Google has signed an agreement with the Saudi Federation for Cyber Security and Programming to set up five Google Innovation Hubs across the kingdom.
The deal was signed on Tuesday by Saud Al Qahtani, adviser at the Royal Court and president of the federation, and Matt Prater, president of Google for the Europe, Africa and Middle East region, seeking to develop local talent in the production of prototypes, mobile applications and artificial intelligence.
Quoted in local media, Al-Qahtani praised the support of Crown Prince Muhammad bin Salman in making deals such as this possible.
“This is a continuation of the successes of the Crown Prince’s visit to the United States,” he said. “The agreement will contribute to attracting Saudi boy and girl students who have talent and innovative skills.”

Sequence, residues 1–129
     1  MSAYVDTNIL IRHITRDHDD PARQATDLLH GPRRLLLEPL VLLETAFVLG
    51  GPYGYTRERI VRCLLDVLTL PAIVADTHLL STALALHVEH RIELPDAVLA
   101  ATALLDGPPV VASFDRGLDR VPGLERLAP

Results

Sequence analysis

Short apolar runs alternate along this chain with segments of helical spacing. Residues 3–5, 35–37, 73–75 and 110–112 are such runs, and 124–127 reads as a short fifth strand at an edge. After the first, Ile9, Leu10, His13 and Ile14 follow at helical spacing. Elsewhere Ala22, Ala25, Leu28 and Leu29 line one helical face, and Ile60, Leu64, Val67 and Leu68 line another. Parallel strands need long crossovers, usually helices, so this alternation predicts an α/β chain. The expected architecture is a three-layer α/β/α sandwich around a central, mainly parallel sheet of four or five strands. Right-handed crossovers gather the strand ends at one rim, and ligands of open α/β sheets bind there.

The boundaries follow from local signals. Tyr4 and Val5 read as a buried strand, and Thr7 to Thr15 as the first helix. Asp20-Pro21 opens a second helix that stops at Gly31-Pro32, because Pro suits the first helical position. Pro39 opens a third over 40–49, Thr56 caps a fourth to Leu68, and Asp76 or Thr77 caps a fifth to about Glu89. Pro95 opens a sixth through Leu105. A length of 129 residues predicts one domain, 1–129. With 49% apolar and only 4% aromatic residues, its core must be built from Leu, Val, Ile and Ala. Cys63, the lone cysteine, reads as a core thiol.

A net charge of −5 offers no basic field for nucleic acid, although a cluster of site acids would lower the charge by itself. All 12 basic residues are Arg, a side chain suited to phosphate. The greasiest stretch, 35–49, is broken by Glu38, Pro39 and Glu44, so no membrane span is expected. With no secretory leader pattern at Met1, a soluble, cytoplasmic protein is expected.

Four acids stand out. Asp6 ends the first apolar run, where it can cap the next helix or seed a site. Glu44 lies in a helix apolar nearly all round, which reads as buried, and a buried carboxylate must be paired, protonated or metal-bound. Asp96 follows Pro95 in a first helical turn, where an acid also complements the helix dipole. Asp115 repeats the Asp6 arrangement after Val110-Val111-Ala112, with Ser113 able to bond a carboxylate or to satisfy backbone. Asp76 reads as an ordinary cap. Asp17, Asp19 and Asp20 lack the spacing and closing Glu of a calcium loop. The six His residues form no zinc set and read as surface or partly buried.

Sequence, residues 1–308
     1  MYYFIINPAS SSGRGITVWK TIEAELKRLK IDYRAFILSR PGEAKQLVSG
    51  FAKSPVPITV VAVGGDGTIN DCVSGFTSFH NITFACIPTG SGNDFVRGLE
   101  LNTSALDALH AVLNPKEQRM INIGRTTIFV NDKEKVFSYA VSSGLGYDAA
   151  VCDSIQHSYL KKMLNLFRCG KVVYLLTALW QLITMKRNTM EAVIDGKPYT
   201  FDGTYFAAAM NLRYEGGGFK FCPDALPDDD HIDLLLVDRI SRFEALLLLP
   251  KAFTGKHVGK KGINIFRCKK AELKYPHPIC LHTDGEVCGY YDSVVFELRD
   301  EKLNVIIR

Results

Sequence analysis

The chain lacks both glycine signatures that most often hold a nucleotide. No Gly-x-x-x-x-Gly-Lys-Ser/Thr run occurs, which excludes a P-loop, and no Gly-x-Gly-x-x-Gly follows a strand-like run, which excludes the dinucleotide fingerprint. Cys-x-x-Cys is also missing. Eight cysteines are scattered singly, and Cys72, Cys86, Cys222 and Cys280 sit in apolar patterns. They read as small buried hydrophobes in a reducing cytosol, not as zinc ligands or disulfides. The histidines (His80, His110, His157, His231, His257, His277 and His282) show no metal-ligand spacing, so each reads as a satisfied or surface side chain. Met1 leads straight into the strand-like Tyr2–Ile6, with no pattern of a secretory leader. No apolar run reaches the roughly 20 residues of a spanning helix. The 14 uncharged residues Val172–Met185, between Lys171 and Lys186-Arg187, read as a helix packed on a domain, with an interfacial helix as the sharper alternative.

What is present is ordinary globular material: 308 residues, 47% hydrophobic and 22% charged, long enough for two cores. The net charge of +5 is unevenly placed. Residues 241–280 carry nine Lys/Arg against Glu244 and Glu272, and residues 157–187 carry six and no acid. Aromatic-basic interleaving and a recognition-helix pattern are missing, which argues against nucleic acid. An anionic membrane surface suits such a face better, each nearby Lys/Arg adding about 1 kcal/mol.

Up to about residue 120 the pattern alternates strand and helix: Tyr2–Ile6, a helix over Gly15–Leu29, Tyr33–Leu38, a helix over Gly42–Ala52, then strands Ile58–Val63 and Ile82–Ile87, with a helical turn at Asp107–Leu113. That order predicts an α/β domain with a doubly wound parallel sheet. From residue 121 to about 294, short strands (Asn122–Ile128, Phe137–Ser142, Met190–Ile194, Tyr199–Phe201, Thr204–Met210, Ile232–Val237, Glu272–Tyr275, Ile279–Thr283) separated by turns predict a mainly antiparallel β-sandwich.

The agreement will mean that five Google Innovation Hubs will be launched in different parts of Saudi Arabia, in a bid to promote and develop the capabilities of tens of thousands of participants each year in the field of advanced software.
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A release by the Saudi Press Agency said: “The first of these centers, which will be set up at the headquarters of the federation in Riyadh, will be the largest of its kind in the world. It will have the capacity to accommodate 40,000 trainees in a year.”
The hubs will provide educational and technical materials and advanced technology curricula, a state of the art training laboratory, and lectures and workshops by specialists, practitioners, entrepreneurs and other experts.
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